Hmmm, guess my anger really wasn't misguided. This was simply poor, poor design.


At the back of the manual is a page with DK-themed profanities for shouting.

So what DO the A and B buttons do in the meantime? The A button is used to make Donkey Kong "go bananas". Equivalent to when Kirby (like most other pink children) gets hyper after eating candy, DK gets a little boost of energy, allowing him to leap higher and move faster for ten seconds before the effect wears off. The B button activated a feature I actually used more, mainly out of necessity. Throughout the game, DK collects bananas. But he usually takes a beating while collecting those bananas, and that's where the B button comes in: by spending ten bananas, DK can earn back one heart on his life meter. (The "Go Bananas" feature costs twenty.)

While it could be argued that the game's brief length is a detriment, to me it was a gift from Heaven, the manna of the portable world. Why, you ask? Because DK: King of Swing gets repetitive and quickly. Every level seems to offer the same daunting task of climbing, climbing, and nothing but. Developer Paon — made up of former Data East employees, which explains much — tried to inject the game with some variety, such as pulleys or the ability to toss rocks (while spinning, no less), but at the end of the day, you're still trying to get from the bottom of the stage to the top, collecting bananas and knocking Kremlings, Zingers, and Neckies out of the sky (just like old times). Every world ends with a boss fight, but they're so excruciatingly difficult to handle with the awful controls, coupled with the need for precision, you'd get more thrills out of a roaring game of Pin The Tail On Your Forearm. The final match against King K. Rool is nigh on impossible, meaning if you see the ending of this game, you will automatically earn my respect as throngs of peasants bow at your empowered feet and Crystal Pepsi rains from the sky.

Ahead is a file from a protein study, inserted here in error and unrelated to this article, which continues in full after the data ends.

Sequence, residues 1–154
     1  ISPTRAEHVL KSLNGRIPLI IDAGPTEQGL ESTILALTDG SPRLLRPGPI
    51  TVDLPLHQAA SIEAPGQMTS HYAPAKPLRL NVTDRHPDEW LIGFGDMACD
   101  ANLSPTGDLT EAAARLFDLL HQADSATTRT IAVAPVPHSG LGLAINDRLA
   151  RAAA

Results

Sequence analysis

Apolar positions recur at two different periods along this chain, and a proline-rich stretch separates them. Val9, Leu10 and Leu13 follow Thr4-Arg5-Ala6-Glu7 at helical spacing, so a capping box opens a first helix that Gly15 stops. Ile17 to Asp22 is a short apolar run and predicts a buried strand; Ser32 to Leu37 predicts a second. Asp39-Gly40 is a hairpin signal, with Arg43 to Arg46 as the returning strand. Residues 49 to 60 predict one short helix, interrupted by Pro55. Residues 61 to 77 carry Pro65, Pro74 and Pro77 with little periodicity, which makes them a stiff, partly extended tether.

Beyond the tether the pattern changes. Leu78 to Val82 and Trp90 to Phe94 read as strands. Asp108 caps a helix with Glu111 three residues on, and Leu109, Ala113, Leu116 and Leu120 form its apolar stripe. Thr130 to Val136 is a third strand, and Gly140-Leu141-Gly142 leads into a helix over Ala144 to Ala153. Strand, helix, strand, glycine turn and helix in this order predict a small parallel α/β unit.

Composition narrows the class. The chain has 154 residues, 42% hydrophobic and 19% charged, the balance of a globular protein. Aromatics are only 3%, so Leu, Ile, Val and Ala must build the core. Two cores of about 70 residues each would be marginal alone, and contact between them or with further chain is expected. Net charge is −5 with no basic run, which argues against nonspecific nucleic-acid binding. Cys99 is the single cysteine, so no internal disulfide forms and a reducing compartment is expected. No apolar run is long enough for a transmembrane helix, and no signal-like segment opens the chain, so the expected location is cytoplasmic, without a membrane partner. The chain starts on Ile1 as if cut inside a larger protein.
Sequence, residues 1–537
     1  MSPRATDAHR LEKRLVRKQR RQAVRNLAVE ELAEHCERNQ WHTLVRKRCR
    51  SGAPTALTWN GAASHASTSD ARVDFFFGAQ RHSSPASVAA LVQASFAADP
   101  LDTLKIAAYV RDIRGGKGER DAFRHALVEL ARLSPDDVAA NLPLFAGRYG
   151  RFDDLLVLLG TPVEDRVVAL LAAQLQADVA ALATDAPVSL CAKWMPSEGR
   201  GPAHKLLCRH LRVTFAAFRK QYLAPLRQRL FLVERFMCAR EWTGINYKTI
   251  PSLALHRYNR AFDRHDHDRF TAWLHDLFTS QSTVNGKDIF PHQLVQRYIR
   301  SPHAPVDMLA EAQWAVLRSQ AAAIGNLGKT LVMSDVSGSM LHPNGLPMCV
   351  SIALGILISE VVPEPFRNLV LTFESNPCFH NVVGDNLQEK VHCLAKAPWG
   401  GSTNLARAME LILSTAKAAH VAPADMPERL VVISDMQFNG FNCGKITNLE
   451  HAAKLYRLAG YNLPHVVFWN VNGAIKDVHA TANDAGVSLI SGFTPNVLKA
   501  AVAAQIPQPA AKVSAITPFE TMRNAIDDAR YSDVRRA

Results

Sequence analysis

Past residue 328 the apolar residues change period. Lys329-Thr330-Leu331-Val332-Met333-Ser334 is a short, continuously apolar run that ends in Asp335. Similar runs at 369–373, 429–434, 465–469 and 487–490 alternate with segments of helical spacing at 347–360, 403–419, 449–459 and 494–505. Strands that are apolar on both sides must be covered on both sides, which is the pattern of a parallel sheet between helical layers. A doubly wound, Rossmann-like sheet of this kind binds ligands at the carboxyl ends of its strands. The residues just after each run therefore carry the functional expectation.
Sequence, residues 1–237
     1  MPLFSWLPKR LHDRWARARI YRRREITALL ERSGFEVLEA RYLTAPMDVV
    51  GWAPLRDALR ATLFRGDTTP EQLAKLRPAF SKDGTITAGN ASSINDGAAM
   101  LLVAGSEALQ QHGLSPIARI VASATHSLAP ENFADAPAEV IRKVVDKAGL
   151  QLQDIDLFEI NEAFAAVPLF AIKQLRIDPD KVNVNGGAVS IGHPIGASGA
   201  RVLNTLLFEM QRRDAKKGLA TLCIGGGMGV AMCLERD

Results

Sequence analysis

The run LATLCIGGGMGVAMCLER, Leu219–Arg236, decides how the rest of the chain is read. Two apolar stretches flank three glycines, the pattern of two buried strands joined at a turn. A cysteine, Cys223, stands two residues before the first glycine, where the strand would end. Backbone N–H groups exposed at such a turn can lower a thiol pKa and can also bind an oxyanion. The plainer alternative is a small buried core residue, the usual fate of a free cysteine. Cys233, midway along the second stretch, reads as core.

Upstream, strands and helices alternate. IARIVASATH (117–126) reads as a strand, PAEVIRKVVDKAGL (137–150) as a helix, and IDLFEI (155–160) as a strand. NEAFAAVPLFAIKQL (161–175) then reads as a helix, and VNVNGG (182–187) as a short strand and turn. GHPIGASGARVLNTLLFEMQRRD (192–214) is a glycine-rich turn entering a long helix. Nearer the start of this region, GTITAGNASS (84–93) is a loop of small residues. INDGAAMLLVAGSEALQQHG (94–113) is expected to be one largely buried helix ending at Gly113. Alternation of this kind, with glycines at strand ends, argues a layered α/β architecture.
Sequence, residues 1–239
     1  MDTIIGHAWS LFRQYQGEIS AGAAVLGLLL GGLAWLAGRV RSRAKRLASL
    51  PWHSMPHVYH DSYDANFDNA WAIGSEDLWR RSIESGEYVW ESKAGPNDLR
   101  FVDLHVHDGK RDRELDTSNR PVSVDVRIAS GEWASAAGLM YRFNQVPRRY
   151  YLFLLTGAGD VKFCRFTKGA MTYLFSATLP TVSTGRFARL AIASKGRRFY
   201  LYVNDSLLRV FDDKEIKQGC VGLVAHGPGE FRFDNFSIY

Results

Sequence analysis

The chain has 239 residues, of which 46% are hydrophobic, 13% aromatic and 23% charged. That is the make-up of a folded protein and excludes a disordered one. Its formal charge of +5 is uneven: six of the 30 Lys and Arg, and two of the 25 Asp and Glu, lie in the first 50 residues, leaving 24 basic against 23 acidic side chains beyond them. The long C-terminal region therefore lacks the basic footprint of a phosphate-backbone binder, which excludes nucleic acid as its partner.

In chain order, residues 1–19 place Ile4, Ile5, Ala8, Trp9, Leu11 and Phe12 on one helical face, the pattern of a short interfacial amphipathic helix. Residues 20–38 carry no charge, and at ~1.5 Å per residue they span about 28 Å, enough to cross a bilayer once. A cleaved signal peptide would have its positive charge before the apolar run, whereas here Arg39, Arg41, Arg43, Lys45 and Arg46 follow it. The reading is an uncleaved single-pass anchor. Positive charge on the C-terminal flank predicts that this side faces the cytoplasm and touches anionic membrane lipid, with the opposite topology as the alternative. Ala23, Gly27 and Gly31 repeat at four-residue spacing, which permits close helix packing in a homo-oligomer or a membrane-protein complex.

There are minigames for both solo Kong enthusiasts and multiplayer matches alike, and perhaps it's best that you find as many friends as you can to try these games out because the computer-controlled characters will absolutely wallop your behind. Games featured include a climbing race to the top (Oh joy. Now I have to control this grunt in a more efficient manner than I thought was even possible. Oh joy.), an attack battle where you basically have to run into fellow players for points, and an obstacle course. Do you taste my thrill?

The game also takes a graphical step in a different direction. The Donkey Kongs of the 1990s were heavily oriented around 3D models and "revolutionary" graphics. This one takes on a more Saturday morning cartoon vibe, and although it's a new direction, it's also a somewhat welcome one. I do like how Cranky looks in this one. Is it sad that the new take on visuals is the highlight of the game? I'd talk about the music, but if you've heard the soundtrack to Donkey Kong Country on the SNES, you've heard most of it already, though not remixed and then bitcrushed into a palpable form through the Game Boy Advance's diminuitive speakers.

King of Swing: Would've been a great game, but the controls are excrement on a wood pile, and you're as exciting as... well, sitting in excrement on a wood pile. But you're also as frustrating as stepping in excrement on a wood pile. Either I have serious medical rage issues, or this game is awful. And I'm the poster child for happiness.